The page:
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Why You Shouldn't Sneer At Brighton's Success

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If you're sneering at Brighton's recent successes, Wimb argues why you should maybe think again.

Brighton fan

It's a club that's spent above its means, moved to a shiny new stadium, taken on a fair few new plastic fans and rubbed one or two teams up the wrong way during its rise. Yet after years of failure and near misses, it's a club that's finally about to achieve the promotion it's wanted so badly.

No it's not just Brighton, it's Reading in 2002.

While football fans have lauded the achievements of Swansea, Bournemouth, Stoke and others over the past few years, Brighton's gradual march to the Premier League hasn't really received much fanfare. I know more than a few Reading fans who actively root against the Seagulls, yet beyond them pipping us to the Division Two title (largely due to our own failures) in 2002, I struggle to figure out why.

Because if you're against what they’re doing down on the South Coast, you're ignoring Reading's own history and how we got to where we are today.

First of all, I can't fully condone any club that's just posted losses of £25.9m. That sort of spending is the type that could cripple any club, however under new FFP rules, it's allowed and if that's what the owners are happy to lose, then so be it, as long as it is THEIR own money and not the club's.

Such high losses are eye watering but comparatively speaking it's not much worse than what Reading went through just over a decade ago.

Younger fans might only remember the Sir John Madejski that's strapped for cash and really hasn't been able to exercise much financial muscle, but 20 years ago he was very much a mini Jack Walker, Dave Whelan or Peter Coates. Sir John was never a football man but he invested a sizeable amount of cash to take Reading from lurking in the lower reaches of the third tier to a team who'd finish eighth in the Premier League in just a 15 year period.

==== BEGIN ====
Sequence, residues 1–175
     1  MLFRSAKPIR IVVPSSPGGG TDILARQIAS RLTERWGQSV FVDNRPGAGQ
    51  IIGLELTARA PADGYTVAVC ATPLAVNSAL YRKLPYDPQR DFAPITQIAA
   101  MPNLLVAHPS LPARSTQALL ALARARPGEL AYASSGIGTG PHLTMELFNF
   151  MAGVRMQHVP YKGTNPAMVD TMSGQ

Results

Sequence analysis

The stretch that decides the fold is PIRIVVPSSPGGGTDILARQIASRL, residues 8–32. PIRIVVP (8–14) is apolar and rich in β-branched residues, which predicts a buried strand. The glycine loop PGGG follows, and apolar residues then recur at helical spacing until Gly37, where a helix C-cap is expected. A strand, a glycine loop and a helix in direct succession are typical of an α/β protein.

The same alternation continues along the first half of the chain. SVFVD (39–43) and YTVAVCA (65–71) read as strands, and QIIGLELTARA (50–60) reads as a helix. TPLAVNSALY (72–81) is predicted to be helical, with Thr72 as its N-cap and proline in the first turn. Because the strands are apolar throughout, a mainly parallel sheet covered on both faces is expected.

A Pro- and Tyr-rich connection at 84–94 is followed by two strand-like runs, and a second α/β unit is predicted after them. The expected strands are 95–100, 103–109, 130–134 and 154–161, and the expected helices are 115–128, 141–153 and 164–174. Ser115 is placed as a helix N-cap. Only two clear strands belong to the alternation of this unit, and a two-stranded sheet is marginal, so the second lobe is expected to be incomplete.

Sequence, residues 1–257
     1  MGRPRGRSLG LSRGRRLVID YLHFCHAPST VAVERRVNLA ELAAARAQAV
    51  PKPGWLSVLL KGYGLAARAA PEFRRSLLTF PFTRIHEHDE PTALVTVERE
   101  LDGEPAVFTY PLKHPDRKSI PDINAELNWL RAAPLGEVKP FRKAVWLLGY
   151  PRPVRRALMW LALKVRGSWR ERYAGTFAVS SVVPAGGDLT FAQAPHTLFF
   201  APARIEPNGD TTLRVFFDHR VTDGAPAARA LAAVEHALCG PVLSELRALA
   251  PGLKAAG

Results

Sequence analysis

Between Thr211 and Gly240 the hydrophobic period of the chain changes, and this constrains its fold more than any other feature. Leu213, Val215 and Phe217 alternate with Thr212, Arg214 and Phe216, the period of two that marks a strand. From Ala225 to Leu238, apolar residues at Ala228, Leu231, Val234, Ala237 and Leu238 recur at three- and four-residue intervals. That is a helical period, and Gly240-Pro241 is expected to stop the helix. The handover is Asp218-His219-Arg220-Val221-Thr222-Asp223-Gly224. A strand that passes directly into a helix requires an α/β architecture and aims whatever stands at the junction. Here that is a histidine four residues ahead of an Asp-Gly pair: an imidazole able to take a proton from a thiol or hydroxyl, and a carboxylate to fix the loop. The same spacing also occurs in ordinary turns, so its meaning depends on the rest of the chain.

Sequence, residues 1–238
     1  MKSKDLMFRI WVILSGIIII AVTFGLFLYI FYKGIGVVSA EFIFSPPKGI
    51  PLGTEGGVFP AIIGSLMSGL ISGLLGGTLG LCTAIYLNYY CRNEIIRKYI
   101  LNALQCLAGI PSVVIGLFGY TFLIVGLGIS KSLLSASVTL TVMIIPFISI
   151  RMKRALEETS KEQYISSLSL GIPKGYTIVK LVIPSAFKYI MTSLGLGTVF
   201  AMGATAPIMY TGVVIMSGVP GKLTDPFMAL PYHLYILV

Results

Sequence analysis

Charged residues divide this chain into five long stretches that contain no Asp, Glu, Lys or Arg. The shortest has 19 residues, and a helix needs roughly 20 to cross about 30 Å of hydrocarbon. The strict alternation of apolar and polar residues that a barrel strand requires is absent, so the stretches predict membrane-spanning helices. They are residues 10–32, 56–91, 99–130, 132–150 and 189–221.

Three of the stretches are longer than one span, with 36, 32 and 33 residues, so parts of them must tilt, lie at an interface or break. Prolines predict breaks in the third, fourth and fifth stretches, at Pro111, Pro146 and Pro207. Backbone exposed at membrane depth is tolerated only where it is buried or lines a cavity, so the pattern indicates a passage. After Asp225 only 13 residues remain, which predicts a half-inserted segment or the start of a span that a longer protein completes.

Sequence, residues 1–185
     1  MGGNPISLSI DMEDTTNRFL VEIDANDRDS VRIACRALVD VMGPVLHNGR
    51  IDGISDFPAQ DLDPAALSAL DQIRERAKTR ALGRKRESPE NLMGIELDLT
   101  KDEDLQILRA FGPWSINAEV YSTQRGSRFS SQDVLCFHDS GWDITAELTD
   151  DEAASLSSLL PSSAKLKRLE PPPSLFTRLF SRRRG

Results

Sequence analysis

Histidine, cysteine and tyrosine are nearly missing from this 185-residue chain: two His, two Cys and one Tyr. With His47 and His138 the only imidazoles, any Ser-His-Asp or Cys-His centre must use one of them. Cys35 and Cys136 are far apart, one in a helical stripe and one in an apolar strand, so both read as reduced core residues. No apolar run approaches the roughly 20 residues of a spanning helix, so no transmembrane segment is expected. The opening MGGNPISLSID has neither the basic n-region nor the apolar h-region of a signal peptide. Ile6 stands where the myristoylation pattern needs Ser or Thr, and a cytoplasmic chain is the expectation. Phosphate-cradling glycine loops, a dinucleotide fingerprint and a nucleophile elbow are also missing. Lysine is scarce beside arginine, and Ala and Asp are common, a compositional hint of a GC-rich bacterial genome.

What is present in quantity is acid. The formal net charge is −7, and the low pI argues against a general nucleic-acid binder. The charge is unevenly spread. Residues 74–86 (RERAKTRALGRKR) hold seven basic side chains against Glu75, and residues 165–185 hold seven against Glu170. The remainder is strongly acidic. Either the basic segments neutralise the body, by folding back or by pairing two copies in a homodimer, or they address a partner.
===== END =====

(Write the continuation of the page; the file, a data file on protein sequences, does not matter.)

Sensible planning off the pitch certainly played a big part, with the decisions to appoint managers Mark McGhee, Alan Pardew and Steve Coppell all helping to contribute to the club's upward trajectory. However, without swallowing some big losses, facilitated by serious financial commitment from Madejski's own pocket, this club would quite possibly be in the same situation as a Northampton, Colchester or Swindon.

Madejski pumped big money into the club, whether it was in direct cash or in the form of very friendly loans that were left on the books for decades. In the Elm Park days, this cash was mostly used to keep the club running, given attendances at Elm Park were between 5,000-9,000 and there were next to no corporate facilities, nor big TV money to boost the coffers. Sir John also provided key funds for the Madejski Stadium project, something that would benefit the club for decades to come.

Once the stadium was built and crowds began to grow a little, funds also found their way into the pocket of the late Tommy Burns, who spent pretty heavily for a third tier side. Big transfer fees were paid for the likes of Nicky Forster, Graeme Murty, Sean Evers, Grant Brebner and others, not to mention the amounts involved in keeping such a bloated squad together.

In that era, we were sneered at as we had a big shiny new ground, had a big name manager (Burns had been Celtic boss less than 3 years before) and had spent all of this money on talent. Yet all of those advantages almost drowned the club, with it taking four years to eventually climb back to the second tier.

As we know, the Premier League soon followed but forgotten in the misty eyed tales of the plucky 106 squad containing a £70k Kevin Doyle is the fact that the football side of Reading, actually lost £7m during that 2005/06 season.

At the same time that Reading were beginning their rise to glory, Brighton were having a thoroughly miserable time of it.

While Reading had been saved from asset stripping and the 'Thames Valley Royals' in the 1980's, Brighton fans had to go through the horrifying reality of losing their beloved Goldstone Ground and becoming homeless.

Years in the wilderness followed, firstly having to make a 150-mile round trip to watch the team at Gillingham's Priestfield Stadium and then having to put up with the ramshackle Withdean Athletics Stadium. Yet like Reading, the foundations of future success were being laid, and the opening of the AMEX Stadium in 2011 was a remarkable achievement for a club who had been close to extinction just 15 years before.

Like Reading between 2003-2006, Brighton have had to endure a fair few frustrations and spend a lot of cash to finally get over that final hurdle and reach the 'promised land' of the Premier League but we shouldn't begrudge them a moment in the sunshine, even if a few fans might rub us up the wrong way.

Imitation is the sincerest form of flattery and while it would be wrong to say Brighton 'copied' the Reading Way, they almost certainly picked up a few lessons over the years from their Northern neighbours.